“stressing” was probably the wrong word… “spending mental energy upon” might have been more appropriate. And of course a CNC needs to be accurate and repeatable; I’m not at all saying that you are wrong, merely suggesting that sometimes a new tool means learning new ways of doing things, instead of adapting the old way to the new tool. This may be one of those times… or not.

I prefer real vinyl, but I do run Ms. Pinky’s Interdimensionally Wrecked System and Torq. There are areas of the digital vinyl control system which must and do act exactly the same as traditional vinyl. But there are options and functions and settings to play with that enable you do stuff that isn’t possible at all.
I can tell the software to ignore absolute relativity, and do a needle drop anywhere on the record, and it will start playing at my designated cue point. Or I can tell it to be relative, and dropping the needle in the middle of the record would play the middle of the song. Marking, crayons, little round stickers, tic-marks… no longer needed. Software do the work.
That is what I am hoping for with the GF. Between the two cameras and fancy machine vision, you should be able to rely on the GF to accurately find the 0,0 point on rectangular media, no matter where it is in the bed.

My plotter is, technically, a CNC-type machine. It uses an Automatic Registration-Mark System to account for mis-aligned media, so that I can accurately cut shapes that were printed on a different machine as long as you set the file up with reg marks. Since the glowforge can see the actual design, it should be able to use that instead of printed reg marks for re-positioning.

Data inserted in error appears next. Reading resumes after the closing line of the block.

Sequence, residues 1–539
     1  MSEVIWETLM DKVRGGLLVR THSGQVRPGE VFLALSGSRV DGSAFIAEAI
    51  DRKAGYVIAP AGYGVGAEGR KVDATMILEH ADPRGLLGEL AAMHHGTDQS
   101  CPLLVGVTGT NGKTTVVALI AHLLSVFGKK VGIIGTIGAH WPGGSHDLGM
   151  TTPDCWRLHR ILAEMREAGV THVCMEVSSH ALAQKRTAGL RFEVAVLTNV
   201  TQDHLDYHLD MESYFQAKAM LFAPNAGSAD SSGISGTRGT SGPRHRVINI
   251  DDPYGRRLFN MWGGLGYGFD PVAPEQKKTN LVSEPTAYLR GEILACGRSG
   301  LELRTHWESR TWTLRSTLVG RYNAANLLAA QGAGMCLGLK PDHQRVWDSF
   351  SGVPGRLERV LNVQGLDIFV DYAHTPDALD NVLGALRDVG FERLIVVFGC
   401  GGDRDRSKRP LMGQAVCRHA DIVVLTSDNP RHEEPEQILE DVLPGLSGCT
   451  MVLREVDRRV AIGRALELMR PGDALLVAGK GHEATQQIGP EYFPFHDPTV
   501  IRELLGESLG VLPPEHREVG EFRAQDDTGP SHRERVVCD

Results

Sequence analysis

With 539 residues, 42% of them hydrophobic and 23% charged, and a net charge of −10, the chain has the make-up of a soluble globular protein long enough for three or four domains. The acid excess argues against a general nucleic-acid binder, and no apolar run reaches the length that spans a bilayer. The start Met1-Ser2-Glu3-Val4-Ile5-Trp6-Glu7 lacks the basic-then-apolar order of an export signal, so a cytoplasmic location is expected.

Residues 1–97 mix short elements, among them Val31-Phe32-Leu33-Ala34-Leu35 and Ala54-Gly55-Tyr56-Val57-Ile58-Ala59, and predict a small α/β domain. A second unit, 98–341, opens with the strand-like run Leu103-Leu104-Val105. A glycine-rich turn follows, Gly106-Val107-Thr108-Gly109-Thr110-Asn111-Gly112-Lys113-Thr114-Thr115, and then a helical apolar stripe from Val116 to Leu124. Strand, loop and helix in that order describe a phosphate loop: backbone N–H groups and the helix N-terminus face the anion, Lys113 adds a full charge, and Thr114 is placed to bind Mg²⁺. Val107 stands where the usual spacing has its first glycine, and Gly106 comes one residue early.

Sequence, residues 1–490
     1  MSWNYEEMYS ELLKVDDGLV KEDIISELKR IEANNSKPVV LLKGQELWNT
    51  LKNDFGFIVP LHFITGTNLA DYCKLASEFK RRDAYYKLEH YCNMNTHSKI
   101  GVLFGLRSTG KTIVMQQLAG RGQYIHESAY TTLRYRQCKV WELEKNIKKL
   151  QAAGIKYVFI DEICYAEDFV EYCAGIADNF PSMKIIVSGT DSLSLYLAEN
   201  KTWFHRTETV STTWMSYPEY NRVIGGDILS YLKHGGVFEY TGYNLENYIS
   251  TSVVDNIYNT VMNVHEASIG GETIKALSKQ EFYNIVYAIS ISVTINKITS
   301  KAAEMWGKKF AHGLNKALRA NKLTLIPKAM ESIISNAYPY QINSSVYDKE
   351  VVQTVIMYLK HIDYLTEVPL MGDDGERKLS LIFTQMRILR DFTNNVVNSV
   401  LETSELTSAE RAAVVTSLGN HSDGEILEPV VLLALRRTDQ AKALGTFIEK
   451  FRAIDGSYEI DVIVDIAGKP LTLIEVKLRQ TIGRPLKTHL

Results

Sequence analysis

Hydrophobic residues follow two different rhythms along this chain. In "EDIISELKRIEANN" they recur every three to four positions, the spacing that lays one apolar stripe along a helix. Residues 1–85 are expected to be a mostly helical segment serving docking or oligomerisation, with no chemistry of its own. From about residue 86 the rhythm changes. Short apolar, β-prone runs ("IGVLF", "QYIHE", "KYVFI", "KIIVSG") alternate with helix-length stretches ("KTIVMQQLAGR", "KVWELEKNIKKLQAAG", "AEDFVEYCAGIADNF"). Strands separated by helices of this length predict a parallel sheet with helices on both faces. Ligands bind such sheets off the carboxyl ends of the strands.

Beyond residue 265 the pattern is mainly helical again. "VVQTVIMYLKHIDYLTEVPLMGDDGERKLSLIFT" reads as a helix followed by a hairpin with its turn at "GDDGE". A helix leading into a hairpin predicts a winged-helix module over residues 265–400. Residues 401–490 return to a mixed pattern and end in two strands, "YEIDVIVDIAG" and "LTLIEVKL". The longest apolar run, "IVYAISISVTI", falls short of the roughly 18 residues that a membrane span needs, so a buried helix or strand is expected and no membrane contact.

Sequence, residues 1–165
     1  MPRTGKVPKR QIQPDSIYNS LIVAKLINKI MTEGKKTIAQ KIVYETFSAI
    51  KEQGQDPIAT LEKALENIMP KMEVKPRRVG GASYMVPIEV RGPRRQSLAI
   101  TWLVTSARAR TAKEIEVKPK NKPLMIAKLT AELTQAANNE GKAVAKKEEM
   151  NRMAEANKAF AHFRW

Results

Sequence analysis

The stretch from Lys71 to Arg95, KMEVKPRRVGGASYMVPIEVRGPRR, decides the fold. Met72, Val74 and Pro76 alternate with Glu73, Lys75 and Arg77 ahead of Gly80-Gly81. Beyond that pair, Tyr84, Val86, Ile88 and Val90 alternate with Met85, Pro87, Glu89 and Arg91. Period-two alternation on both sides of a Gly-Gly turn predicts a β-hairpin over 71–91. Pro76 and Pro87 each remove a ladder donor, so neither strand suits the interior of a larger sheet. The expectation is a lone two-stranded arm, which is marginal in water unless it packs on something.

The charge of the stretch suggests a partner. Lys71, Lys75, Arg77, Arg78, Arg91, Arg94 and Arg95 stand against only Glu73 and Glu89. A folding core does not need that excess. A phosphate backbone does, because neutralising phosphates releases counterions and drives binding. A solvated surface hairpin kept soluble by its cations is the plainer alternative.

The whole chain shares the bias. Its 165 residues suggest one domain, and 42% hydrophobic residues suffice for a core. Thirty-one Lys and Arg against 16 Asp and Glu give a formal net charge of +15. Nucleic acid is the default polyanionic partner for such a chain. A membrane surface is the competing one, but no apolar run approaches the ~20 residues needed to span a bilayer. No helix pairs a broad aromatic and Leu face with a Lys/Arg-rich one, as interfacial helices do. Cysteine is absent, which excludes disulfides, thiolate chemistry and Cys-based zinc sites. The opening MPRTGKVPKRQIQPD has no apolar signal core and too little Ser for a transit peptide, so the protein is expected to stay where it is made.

It will all be a matter of getting the positional accuracy dialed all the way in… and seeing how well the cameras hold up over time. If they can get two-sided engraving to work they will have gotten the machine vision dialed enough to accurately find the top corner of rectangular material and define that as 0,0. Right? Don’t we have machine vision that can guide a missile with remarkable accuracy at very high speeds? Would you have thought, ten years ago, that a mobile telephone could do the incredibly complex process of multiple image recognition while at the same time processing digital video and playing it back in real-time? (Snapchat filters)

Granted: I am assuming the positional accuracy has increased since maker faire, and will continue to do so. I am assuming that, eventually, “snap to object edge” , “align vertical/horizontal to top/center/bottom”, “set origin at (X,Y) relative to object”, and other similar options will come along in the interface.

…and I let this sit while a customer came in, and the thread has progressed right on through what I was trying to get at:[quote=“takitus, post:144, topic:3386”]
I think this is what they will be using for flip-over cutting; Edge-finding and corner detection. Same process for alignment. So it might not be yet, as that part isn’t done, but it will be! Maybe they can parlay that into a solution for this situation.


You’ve nailed the problem…

if you place the cardboard in the same relative location each time.

For it to work it’d have to be precisely the same location each time. Without a 0,0… a place I know to exist relative to everything else… how could I ever do that?